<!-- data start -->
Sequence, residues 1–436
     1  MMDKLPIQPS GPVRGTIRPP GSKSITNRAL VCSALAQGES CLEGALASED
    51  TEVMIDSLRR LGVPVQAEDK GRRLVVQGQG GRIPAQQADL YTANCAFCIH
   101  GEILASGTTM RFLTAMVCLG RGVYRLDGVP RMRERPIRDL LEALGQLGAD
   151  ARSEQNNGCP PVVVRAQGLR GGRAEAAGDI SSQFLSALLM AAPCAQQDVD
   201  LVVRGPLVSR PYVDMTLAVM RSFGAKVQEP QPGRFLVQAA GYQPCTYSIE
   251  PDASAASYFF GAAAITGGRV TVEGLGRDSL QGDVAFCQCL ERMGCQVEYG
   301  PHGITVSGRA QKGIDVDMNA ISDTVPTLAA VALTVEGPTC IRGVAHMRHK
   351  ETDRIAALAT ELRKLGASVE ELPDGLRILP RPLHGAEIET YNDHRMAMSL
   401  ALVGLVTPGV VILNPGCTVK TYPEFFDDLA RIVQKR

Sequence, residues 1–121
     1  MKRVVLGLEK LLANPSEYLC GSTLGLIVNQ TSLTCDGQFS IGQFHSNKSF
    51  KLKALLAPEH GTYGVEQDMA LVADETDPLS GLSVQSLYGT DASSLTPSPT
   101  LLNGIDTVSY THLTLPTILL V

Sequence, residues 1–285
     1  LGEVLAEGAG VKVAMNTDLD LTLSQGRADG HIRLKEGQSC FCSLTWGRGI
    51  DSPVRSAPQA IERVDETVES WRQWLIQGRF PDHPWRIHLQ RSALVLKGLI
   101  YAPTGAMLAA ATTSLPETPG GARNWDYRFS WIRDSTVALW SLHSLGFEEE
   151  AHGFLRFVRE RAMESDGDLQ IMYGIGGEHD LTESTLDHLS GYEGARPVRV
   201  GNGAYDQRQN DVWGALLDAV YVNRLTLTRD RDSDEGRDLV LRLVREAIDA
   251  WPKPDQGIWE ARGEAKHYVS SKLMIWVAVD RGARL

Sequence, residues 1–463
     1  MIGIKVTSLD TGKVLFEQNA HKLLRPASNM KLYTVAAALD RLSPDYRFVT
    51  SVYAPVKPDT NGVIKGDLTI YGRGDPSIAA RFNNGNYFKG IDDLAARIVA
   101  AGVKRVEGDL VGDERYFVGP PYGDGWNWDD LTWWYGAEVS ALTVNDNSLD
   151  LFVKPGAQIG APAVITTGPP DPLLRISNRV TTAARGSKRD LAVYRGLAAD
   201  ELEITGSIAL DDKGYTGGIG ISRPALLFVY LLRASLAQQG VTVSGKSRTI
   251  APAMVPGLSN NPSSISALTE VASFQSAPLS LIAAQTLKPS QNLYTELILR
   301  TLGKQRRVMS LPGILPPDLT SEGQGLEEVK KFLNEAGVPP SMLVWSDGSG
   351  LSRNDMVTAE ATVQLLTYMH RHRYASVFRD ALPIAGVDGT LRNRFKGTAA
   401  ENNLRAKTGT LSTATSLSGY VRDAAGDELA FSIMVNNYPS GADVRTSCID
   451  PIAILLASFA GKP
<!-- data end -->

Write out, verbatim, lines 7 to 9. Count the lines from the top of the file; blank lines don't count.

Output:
   251  PDASAASYFF GAAAITGGRV TVEGLGRDSL QGDVAFCQCL ERMGCQVEYG
   301  PHGITVSGRA QKGIDVDMNA ISDTVPTLAA VALTVEGPTC IRGVAHMRHK
   351  ETDRIAALAT ELRKLGASVE ELPDGLRILP RPLHGAEIET YNDHRMAMSL